Stephen Orser kicked it off. He wanted to refer the report back and use the money instead to save Lorne Ave School. A school here, a school there, they were interchangeable. The mayor ruled the motion out of order; it was contrary to the original motion. Orser scrambled to find something else. Eventually, he settled on referring it back to consider other educational uses including Fanshawe College.

Bud Polhill, who had supported the Fanshawe request at committee, quickly seconded the motion. He had changed his mind again, he said. He still supported the Fanshawe proposal but he thought maybe the province should be hit up first for financial support. He would have to vote against the proposal for the time being.

There followed some discussion of whether the referral motion was in order. Swan came to the rescue.

He wanted to break through the logjam. Their problem for three and a half years, he announced sadly, had been their inability to get things done because of wedge politics. People were trying to bend the rules and push stuff through without going through the proper procedures and channels, just to get their own way. They pitted councillors against each other.

And here was the perfect example. This should have gone through his committee but he had been circumvented. He would have pointed out that the province to date had only kicked in $6M for the Fanshawe Downtown Campus.

“We can do better,” he cried. “We’re not in the school building business.” The cost was too high, the province wasn’t interested, heritage would still be lost. All they would have was a fa├žade, and facades are false heritage. He didn’t like the fact that Fanshawe had put out a press release about the deal with Kingsmill before it got to council. They should forget it and let a tax generating enterprise take it on.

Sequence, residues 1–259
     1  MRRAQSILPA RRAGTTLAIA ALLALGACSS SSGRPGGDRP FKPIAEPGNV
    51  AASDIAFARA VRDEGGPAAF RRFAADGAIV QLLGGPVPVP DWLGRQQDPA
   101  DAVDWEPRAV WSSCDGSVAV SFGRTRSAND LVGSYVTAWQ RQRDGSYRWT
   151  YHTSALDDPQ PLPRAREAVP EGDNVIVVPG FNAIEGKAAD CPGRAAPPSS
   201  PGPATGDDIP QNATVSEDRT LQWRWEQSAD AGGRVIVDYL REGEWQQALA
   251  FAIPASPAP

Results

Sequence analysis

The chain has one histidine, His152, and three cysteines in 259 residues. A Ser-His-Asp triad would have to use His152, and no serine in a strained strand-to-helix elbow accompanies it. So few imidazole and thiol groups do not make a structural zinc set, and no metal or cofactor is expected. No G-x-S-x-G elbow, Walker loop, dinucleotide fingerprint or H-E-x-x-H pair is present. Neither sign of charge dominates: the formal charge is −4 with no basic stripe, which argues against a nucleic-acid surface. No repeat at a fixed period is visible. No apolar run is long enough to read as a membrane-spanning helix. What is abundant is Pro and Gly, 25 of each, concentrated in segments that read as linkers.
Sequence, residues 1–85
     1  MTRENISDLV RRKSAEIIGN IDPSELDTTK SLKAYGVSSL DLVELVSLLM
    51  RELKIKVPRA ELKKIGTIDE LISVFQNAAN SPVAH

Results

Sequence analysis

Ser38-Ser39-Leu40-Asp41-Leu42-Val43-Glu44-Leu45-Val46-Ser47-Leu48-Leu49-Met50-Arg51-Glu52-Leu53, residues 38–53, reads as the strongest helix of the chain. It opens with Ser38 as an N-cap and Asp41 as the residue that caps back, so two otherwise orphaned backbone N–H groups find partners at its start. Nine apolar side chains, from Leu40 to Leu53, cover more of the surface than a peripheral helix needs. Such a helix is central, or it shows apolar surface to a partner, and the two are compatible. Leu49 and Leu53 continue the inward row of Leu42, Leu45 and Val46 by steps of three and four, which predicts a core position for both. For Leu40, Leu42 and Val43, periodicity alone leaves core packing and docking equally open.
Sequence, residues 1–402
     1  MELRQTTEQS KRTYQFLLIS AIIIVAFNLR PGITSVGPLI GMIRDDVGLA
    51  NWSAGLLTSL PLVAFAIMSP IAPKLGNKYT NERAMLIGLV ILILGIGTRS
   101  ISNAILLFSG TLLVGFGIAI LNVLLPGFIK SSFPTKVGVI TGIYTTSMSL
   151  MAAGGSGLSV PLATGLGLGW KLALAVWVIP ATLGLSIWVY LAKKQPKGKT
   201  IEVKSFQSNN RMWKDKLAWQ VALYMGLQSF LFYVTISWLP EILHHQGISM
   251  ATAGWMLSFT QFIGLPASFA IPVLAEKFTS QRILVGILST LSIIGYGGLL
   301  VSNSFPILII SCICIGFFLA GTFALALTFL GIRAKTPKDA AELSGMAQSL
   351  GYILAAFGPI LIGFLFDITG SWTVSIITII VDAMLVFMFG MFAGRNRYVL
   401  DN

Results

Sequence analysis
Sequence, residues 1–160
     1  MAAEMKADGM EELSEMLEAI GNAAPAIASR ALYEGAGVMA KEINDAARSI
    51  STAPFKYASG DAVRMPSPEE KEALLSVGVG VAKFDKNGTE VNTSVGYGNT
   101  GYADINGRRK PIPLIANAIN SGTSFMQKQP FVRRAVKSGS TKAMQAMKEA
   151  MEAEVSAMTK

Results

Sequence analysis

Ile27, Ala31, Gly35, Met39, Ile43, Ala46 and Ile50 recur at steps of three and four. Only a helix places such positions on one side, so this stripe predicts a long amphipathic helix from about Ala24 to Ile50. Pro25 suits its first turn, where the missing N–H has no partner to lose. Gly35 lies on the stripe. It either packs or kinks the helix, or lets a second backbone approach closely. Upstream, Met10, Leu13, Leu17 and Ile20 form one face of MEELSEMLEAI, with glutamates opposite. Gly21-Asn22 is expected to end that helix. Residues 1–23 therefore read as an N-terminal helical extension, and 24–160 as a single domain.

What that would be, he didn’t say, but word has it that Shmuel Farhi has expressed interest in acquiring Kingsmill’s. And why not? It would be lovely to round out his collection of London heritage buildings. He would probably be happy to fix it up himself and rent it to Fanshawe, just as he had done with the Capitol Theatre, which the city agreed to rent for 20 years at an exorbitant rate.

And Farhi is a generous benefactor at election time.

The money wasn’t at issue, Bryant pointed out. It was there in the reserves. That’s what the reserves were there for, and this was a golden opportunity.

Bill Armstrong didn’t care if the money was there. He was a great supporter of the downtown, he claimed but it was a lot of money; he wouldn’t be supporting it. What he would be supporting, although he didn’t say so at the time, was the candidacy of Swan for mayor. And Swan had chosen the Fanshawe proposal to flex his muscles at his soon to be mayoralty rival, Matt Brown. He had to show that he, Swan, could swing votes his way, and that Brown couldn’t get his projects supported.

Branscombe was clear: she didn’t want to miss out on this opportunity for invigorating the downtown and job creation. She would vote down the referral. Decision time was now. Agreeing with her was Harold Usher, although he still believed that the whole motion to refer should be ruled out of order.
Unfortunately, the city clerk did not concur with that view.

Matt Brown tried to steer the discussion back to the issue. The downtown was London’s calling card to the world, he pointed out. This proposal fit in perfectly with Council's Strategic Plan, the Downtown Master plan, the London Plan. It would be an economic engine at no impact to the tax levy. They couldn’t afford not to do this.

Sandy White was up next. Respectful discourse is difficult for her but she gave it a shot. She wondered whether the whole thing shouldn’t be referred to the budget process.

By then, Paul Hubert had taken the chair in order to allow the mayor to get on the speakers’ list. He pointed out that to do so would delay the whole process by six months.

White didn’t care. She was going to vote against the thing anyway. She had had emails and phone calls from constituents, especially seniors, who weren’t interested in the benefits to the downtown; they didn’t want money spent on it. And besides, she had met a young European entrepreneur at a digital conference who had told her that they were going about this all wrong.